Volusia County, Fla., launched a new program that is saving time, money and county resources by reducing the use of emergency resources for non-emergency 911 calls.
The E-911 Redirect Nurse Triage program started as part of a strategic plan for budget improvements to better utilize facilities and resources in the county with the help of triage nurses working with callers that may have non-urgent medical situations.
Similar to other areas across the country, Volusia County’s 911 dispatchers receive non-urgent calls that leave emergency vehicles sidetracked when other callers have life-threatening situations. According to EMS Medical Director Peter Springer, Volusia County EMS receives around 67,600 calls to 911 per year with 50,000 of those callers requiring EMS transport. The difference of roughly 17,600 calls requires units to be dispatched to evaluate a caller’s situation but does not result in transportation to the hospital.
“We’ve done as an industry a great job of promoting 911 and unfortunately we’ve done such a great job that we’ve kind of flooded the 911 dispatch centers with a lot of non-emergency calls,” Springer said.
Since the program launched Dec. 9, lead EMS Triage Nurse Pam Cawood explained, 911 dispatchers now determine if a caller’s situation is a true emergency. If the situation is deemed severe, the caller will never speak to a triage nurse and the dispatcher will immediately send emergency vehicles. If the dispatcher determines a call is non-urgent, they transfer the caller to the nurse triage line. Non-severe situations include flu-like symptoms, backaches, rashes, mild allergic reactions, mild cuts, abrasions and common cold symptoms, Cawood said.
When being transferred, the caller is never put on hold. After connecting to a triage nurse, the nurse asks specific questions about the caller’s medical condition and uses a list of protocol question sets that were created by the medical director of the county and the triage nurses. The nurses use the question sets to recommend treatment and resources for the caller.
The county hired seven part-time nurses in addition to Cawood. Each nurse has FEMA certification, emergency department experience and triaging experience.
Their experience also includes completing training to be Florida state-certified telecommunicators to dispatch ambulances, law enforcement, fire and medical.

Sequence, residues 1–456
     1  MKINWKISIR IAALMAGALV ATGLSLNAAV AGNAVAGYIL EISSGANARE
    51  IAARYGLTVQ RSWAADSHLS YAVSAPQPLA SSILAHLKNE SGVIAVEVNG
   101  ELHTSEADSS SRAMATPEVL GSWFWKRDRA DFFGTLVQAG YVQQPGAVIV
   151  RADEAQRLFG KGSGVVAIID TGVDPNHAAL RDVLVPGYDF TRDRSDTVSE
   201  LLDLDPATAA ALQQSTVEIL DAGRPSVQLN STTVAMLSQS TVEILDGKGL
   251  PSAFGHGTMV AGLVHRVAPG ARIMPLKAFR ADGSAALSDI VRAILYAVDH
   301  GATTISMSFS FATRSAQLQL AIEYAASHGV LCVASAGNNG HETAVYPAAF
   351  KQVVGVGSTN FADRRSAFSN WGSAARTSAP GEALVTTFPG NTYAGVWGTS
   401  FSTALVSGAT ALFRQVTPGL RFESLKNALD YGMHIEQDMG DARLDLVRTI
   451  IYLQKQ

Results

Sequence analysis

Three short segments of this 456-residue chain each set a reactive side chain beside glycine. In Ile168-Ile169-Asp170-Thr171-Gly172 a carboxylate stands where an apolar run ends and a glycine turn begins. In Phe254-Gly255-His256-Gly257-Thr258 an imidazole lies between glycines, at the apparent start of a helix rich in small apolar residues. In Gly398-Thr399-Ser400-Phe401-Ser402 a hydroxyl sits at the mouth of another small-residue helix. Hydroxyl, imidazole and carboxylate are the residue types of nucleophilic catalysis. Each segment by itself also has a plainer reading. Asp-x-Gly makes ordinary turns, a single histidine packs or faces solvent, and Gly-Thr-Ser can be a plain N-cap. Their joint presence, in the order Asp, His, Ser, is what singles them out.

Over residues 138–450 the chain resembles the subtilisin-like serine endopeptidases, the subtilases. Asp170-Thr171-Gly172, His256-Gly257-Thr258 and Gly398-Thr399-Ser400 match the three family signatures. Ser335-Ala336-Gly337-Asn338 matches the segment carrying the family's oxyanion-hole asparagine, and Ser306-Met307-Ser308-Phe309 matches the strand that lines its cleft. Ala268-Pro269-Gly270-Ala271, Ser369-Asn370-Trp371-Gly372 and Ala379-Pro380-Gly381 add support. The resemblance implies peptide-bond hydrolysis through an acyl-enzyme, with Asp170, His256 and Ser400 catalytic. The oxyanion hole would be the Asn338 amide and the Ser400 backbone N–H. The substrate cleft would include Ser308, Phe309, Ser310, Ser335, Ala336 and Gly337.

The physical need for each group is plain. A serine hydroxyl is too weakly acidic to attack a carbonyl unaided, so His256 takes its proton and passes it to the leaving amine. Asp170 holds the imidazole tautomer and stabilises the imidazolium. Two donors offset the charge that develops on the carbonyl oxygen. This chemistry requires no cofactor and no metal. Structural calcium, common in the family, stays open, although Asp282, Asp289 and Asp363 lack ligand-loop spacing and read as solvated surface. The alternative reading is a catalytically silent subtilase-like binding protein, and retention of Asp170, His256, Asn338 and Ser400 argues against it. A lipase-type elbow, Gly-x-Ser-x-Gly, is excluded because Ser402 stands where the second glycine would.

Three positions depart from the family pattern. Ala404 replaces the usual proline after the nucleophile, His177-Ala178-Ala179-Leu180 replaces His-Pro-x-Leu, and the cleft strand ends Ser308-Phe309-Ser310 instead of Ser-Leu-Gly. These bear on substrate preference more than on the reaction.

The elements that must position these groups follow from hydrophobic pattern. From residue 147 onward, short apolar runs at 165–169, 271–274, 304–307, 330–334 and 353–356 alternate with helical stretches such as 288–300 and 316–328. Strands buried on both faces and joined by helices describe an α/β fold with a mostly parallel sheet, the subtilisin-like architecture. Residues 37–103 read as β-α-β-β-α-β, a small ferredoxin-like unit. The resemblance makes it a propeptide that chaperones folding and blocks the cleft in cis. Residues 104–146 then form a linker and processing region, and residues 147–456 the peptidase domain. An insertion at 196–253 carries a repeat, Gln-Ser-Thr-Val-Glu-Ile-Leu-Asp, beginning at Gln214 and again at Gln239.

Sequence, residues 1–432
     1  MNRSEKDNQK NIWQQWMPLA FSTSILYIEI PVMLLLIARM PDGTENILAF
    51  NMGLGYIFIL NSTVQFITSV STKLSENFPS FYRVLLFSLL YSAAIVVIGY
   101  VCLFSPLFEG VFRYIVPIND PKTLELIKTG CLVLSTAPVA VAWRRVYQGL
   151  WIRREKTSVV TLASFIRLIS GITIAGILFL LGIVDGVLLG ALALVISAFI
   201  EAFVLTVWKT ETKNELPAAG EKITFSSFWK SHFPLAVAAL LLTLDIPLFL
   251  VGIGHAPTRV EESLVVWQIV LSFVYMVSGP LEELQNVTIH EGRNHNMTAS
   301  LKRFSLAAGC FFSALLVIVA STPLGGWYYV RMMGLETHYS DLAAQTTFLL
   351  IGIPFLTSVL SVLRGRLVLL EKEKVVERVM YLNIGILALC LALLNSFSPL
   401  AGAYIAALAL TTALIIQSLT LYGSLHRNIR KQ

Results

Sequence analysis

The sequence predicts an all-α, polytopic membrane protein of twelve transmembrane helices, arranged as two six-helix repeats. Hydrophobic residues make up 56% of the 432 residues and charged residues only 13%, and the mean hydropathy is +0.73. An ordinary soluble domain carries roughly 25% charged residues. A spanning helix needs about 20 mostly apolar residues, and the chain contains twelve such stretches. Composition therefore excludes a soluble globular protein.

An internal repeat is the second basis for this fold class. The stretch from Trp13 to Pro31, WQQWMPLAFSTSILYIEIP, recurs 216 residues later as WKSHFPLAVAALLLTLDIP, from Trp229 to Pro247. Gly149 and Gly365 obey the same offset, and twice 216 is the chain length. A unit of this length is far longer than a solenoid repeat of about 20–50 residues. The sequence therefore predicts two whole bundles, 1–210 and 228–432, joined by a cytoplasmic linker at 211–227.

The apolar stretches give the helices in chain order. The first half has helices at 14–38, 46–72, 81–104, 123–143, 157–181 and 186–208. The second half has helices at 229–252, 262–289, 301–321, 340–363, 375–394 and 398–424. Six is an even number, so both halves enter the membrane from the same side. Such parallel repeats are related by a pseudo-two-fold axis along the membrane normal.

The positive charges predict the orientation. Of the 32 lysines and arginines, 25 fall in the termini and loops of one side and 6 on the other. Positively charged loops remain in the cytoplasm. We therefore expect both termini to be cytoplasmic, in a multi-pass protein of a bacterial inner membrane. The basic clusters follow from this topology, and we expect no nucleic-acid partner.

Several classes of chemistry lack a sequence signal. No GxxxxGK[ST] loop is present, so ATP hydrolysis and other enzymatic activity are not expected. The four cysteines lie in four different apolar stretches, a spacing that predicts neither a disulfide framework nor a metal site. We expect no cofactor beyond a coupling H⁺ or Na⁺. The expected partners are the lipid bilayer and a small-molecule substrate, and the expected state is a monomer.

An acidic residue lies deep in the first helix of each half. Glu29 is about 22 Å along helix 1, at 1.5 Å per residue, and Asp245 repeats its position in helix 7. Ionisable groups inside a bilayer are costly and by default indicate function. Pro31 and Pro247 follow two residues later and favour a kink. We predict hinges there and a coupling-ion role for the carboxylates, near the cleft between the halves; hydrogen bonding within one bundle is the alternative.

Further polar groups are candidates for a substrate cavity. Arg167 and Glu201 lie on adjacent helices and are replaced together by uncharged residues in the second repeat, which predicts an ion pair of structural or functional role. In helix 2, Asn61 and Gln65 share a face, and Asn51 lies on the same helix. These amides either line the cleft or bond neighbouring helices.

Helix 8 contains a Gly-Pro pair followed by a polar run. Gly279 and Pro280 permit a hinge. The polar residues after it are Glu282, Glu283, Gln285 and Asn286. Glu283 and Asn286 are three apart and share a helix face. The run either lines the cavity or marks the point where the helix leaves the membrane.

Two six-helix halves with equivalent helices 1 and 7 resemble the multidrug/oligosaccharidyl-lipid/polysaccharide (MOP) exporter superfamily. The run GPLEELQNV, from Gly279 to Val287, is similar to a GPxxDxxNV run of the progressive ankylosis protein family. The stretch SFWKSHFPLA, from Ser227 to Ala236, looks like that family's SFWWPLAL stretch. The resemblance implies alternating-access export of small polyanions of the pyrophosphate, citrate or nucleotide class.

“Between the eight of us, we have over 100 years of nursing experience,” Cawood said. “We’re highly skilled, highly trained, well-experienced nurses.”
The Volusia County Sheriff’s Office held the training for the nurses to become certified telecommunicators.
Training Coordinator Debbie Rego taught the nurses the material during 280 hours of telecommunication training. This is the same training 911 dispatchers receive.
There are four different levels of treatment that triage nurses use, varying from dispatching an ambulance, which nurses are able to do because of the telecommunication certification, to providing home care instructions or asking callers if a friend, relative or neighbor can provide them transportation to an emergency department.
If the nurse determines a caller should be seen by a medical professional within 24 hours, they ask callers if they can see their primary care physician or visit an urgent care clinic. Triage nurses are able to call ahead to offices and urgent care locations to let them know a patient is coming.
“We have partnerships with most of the quick care clinics, urgent care centers in Volusia County and they are expecting our phone calls,” Cawood said.
She emphasized if a caller insists on an ambulance, they will always dispatch one.
“We always triage up and when in doubt, we always dispatch an ambulance,” she said.
For callers who are not sent an ambulance, the triage nurses complete “callbacks” within 24 to 72 hours of the initial call to follow up with the caller.
Volusia County created their own software for the program with the help of the IT department in the Emergency Operations Center instead of purchasing a third-party software. The system allows nurses to create files within the software that can store a patient’s medical record.
Currently, the nurse triage line is available Monday through Friday from 7 a.m. to 7 p.m. Cawood said they are tracking the hours of their calls and may alter their hours in the future.
Since the program has launched, Springer said the nurse triage line is receiving about 15 calls on average per day.
“The benefit for patients is we’re going to try to find places for them to be seen and treated that are most appropriate for what they’re calling for,” he said.
Springer and Cawood both stressed the importance of collaborating with other departments to launch the E-911 Redirect Nurse Triage program. The program is a collaboration of the Human Resources department, the sheriff’s office, the Emergency Operations Center, area hospitals, urgent care clinics, health departments and other community partners.
Washington D.C., Las Vegas, Nev.; Reno, Nev.; Fort Worth, Texas and Richmond, Va. have all implemented similar nurse triage programs for 911.
“You have to make sure that people understand that this is a positive thing for the community,” Springer said. “…Not only are the citizens benefiting from it, but so is the system as a whole.”